1960s: Braless Bra-burning became of symbol of the women's liberation movement in the late 1960s, and even though very few bras were actually burned, many women did stop wearing them for a while.However, as more women entered the workforce, bras were once again all-but-required.

Of course, Puritanical types eschewed these styles, and by the Victorian era, it was deemed inappropriate for women to flaunt their bosoms.

1890s: Ankles The Victorians may have raised necklines, but they were also adamantly against flaunting a bit of leg.

In a recent piece for T magazine, Suzy Menkes heralds the end of what she calls a "decade of slut style," and a return to modesty on the runways.

(Yeah, we had a thing or two to say about that.) But if history is any indication, provocative fashion is nothing new and not going anywhere anytime soon.

Women wore stockings and very long skirts year-round to prevent even a sliver of ankle from peeking out.

The legs of wooden tables were even covered because they too closely resembled a female's appendages.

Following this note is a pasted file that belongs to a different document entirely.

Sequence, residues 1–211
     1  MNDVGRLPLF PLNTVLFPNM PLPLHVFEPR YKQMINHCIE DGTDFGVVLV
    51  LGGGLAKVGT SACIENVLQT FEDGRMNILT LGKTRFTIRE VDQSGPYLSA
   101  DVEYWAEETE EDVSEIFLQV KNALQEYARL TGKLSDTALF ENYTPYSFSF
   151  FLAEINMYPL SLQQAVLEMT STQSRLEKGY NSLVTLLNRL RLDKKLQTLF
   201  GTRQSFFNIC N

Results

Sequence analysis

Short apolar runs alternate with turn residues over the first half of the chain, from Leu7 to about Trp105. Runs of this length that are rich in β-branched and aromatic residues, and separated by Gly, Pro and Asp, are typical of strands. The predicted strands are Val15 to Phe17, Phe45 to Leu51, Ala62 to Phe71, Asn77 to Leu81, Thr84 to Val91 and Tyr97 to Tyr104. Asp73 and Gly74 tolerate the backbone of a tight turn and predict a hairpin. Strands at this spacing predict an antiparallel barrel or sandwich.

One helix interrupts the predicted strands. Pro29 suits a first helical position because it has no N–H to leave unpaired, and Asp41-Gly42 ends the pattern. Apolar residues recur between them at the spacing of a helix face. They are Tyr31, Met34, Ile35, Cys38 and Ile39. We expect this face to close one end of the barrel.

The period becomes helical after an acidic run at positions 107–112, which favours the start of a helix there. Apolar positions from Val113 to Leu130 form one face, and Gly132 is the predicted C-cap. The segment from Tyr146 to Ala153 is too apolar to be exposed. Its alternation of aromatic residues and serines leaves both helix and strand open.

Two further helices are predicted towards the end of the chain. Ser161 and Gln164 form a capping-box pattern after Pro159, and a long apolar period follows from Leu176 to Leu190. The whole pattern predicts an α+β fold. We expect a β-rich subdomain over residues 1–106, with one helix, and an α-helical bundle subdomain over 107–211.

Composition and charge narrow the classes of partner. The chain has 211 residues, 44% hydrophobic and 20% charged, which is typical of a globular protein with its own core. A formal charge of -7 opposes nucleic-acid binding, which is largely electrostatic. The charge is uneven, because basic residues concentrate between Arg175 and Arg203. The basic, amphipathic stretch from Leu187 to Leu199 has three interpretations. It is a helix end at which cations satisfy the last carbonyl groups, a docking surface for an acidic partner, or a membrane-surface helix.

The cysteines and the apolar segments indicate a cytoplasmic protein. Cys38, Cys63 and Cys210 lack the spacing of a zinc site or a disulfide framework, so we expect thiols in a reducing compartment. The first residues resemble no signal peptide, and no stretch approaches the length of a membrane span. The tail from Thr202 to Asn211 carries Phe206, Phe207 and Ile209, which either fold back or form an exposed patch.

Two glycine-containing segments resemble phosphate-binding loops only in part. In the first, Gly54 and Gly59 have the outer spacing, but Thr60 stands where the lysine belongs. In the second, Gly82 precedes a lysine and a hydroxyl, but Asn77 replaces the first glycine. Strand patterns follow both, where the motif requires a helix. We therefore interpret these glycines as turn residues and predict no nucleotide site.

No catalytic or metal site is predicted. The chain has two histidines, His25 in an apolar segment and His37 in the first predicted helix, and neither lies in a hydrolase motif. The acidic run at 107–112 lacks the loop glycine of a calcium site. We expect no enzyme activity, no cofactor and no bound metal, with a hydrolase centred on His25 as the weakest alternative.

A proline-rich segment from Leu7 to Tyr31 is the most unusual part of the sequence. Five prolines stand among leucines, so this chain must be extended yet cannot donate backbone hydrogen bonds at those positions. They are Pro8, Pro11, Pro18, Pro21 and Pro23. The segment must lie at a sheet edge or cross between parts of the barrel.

Many of the clothes—a giant green-colored fur coat, dresses tightly fitted at the hips—were inspired by the styles worn by prostitutes during 1940s, others drew from the ostentatious wartime wardrobes of the very socialites now admonishing them.

Regardless, Saint Laurent spurred a 1940s-inspired movement in fashion that lasted nearly a decade.

For many years after, the look was considered gauche—especially when Britney Spears bared her belly at the end of the '90s—but it's cool again to show a sliver of stomach.

This time around, like many revealing trends, the crop top is more demure—women are wearing '50s-inspired bra tops with high waisted pants and full skirts (though that 1990s: Slip Dresses The Nineties were about reinterpreting sexy staples as something a bit tough or tomboyish, and nothing represented this idea more than the slip dress.

Click through to read our brief account of fashion's most revealing moments through the ages.